The Syrian Regime is Killing Media Activists at Higher Rates that before Ankara Ceasefire Agreement
SNHR has published its monthly report documenting the violations by the various conflict parties in Syria against media activists who play a prominent role in the civil movement and the armed conflict.
According to the report, media activism in Syria is continuously deteriorating as many international organizations are not paying enough attention to what is happening in Syria and the notable decline in media coverage over the last year compared with previous years.
The report notes that a journalist is a civilian according to the international humanitarian law regardless of his nationality. Any attack directed against a journalist is considered a war crime. However, when a media activist gets close to military targets, he is responsible for his own actions where targeting him in such case would be seen as collateral damage. Also, he would lose the right to protection if he was involved in military operations. The report also notes that media activists must be respected whether they have identification papers as media workers or don’t considering the many difficulties they encounter to acquire these papers.
Fadel Abd Al Ghany, chairman of SNHR, adds:
“Media activism is especially important because it often sheds light on a string of various crimes that are taking place on a daily basis. Therefore, we record the violations perpetrated by conflicting parties in our monthly reports on violations against media activists.”
The report notes that Since the Ankara Ceasefire Agreement went into effect in Syria, especially the areas under the control of armed opposition factions, as the Syrian regime-held areas aren’t subjected to heavy, daily aerial bombardment, which has resulted in the killing of no less than 60% of the victims, and destroyed buildings, displacing the people of Syria. However, the report adds that breaches didn’t stop, mainly by the Syrian regime, who is seemingly the party that would be affected the most should the ceasefire go on, especially crimes of extrajudicial killing, and, more horrendously, dying due to torture, which strongly proves that there is some sort of ceasefire on the table. The crimes, however, that the international community wasn’t able to notice, and particularly the Turkish and Russian sponsors, are still ongoing as nothing has changed in that regard.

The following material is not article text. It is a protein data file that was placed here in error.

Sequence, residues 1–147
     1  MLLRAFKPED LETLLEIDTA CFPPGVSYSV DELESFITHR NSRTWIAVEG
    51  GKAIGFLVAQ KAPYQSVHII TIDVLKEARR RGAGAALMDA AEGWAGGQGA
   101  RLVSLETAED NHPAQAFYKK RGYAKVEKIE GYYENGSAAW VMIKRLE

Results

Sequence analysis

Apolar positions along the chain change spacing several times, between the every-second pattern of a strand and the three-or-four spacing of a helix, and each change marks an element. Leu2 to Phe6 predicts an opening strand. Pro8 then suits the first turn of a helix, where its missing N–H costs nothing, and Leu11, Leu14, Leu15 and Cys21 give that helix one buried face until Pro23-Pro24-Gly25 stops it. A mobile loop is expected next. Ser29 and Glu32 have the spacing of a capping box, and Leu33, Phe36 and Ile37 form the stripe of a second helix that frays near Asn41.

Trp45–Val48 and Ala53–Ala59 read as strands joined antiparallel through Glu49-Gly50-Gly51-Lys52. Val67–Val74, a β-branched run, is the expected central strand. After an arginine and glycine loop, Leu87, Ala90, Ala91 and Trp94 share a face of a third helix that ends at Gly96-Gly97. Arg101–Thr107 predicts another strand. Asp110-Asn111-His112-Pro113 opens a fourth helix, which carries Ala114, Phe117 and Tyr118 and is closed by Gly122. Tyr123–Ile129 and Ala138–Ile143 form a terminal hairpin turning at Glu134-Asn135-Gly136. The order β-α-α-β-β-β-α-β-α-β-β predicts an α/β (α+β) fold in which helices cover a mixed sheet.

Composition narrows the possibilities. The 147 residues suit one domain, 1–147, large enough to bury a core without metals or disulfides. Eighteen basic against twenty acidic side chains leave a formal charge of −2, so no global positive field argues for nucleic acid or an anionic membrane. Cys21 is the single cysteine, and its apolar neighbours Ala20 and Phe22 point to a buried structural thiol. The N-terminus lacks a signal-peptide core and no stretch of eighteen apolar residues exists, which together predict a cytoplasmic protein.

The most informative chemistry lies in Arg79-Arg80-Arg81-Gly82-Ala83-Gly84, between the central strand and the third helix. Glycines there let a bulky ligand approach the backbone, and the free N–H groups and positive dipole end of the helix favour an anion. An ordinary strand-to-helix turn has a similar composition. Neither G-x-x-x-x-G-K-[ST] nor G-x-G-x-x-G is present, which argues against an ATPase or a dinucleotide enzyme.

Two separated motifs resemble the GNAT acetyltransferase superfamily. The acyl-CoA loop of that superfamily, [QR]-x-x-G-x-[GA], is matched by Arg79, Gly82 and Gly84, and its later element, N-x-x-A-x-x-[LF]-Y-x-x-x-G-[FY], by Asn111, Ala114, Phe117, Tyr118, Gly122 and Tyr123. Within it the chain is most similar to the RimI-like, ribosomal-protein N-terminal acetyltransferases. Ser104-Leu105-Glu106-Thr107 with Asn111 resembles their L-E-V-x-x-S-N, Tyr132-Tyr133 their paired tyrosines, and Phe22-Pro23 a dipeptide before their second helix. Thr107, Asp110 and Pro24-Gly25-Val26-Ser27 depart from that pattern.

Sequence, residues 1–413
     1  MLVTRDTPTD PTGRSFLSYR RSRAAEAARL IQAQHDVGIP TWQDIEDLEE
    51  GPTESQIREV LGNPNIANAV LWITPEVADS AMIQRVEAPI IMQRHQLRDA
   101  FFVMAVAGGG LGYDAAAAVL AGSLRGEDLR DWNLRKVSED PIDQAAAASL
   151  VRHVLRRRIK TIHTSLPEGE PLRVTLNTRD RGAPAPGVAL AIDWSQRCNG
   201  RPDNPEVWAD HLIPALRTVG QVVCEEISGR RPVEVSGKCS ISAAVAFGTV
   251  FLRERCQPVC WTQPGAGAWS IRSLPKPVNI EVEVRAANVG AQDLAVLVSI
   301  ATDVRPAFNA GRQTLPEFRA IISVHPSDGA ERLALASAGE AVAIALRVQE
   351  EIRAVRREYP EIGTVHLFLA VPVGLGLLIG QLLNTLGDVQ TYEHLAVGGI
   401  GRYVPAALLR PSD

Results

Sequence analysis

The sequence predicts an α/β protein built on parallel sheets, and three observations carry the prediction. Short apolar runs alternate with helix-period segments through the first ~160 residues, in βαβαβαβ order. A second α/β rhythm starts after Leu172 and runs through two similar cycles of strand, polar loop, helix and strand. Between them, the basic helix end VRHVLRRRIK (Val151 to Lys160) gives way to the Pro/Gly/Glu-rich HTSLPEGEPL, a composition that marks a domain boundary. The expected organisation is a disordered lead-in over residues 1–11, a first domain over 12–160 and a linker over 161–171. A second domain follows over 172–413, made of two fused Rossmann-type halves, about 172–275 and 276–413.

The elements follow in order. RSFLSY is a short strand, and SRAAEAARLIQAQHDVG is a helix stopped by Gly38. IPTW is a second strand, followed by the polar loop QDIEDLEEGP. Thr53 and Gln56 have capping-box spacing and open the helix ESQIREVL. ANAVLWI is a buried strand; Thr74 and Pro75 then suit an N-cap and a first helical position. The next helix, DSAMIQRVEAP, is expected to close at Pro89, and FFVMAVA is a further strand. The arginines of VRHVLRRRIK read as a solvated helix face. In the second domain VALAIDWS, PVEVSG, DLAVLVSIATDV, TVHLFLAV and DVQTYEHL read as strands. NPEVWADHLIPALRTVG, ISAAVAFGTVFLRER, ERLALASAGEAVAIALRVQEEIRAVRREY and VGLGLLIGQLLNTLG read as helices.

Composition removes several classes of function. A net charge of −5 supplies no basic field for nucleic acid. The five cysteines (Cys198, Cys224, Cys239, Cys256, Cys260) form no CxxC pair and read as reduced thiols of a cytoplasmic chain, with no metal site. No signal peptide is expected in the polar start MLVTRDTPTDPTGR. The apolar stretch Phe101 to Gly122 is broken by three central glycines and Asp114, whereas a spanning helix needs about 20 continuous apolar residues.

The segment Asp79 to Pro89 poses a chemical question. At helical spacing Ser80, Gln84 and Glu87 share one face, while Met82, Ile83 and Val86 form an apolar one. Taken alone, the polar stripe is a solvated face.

The report stresses that SNHR hasn’t noticed a decrease in rates of media activists’ killings by the Syrian regime forces after Ankara Ceasefire Agreement that it exceeded in February what was recorded in the months prior to the Agreement.
According to SNHR’s methodology, a civilian journalist is anyone who plays a notable role in reporting and publishing news. He is not necessarily impartial as a journalist should be. In case a civilian journalist carried a weapon and was directly engaged in offensive military operations, he is no longer deemed a citizen journalist as long as he is involved in such operations.
This report draws upon SNHR archive and the investigations conducted by the Network in addition to accounts by victims’ families, information from local activists, and analyzing the pictures and video footages that we have been receiving amid security and logistic difficulties to access all the areas where violations take place. Therefore, it is worth noting that these statistics and incidents are only the bare minimum of the actual magnitude of crimes and violations that happened.
The report sheds light on the most notable violations against media activists that occurred in February 2017 where the report recorded the killing of five media activists by the Syrian regime forces and one media activist by ISIS.
Furthermore, the report documented two cases of arrest at the hands of Fateh al Sham Front, where one of the two detainees were released, one release by armed opposition factions, and one arrest by the Kurdish Self-management forces were the detained media activist was released later.
According to the report, nine media activists were injured by Syrian regime forces, and one was injured by other parties.
Additionally, the report documents that one media office was bombed by fixed-wing Syrian regime forces warplanes.
The report emphasizes that serious and quick steps must be taken to save media activism in Syria and renews its condemnation of all violations against the freedom of media activism regardless of the perpetrators. The freedom of media must be respected and the workers in the media field must be protected and particularly considered.
The report calls on the Independent International Commission of Inquiry on the Syrian Arab Republic to conduct investigations that focuses on the targeting of media activists given their vital role in recording incidents in Syria.
Also, the report calls on international and Arabic media institution to advocate their colleagues in the field of media by publishing periodic reports that shed light on their daily suffering and memorialize their sacrifice.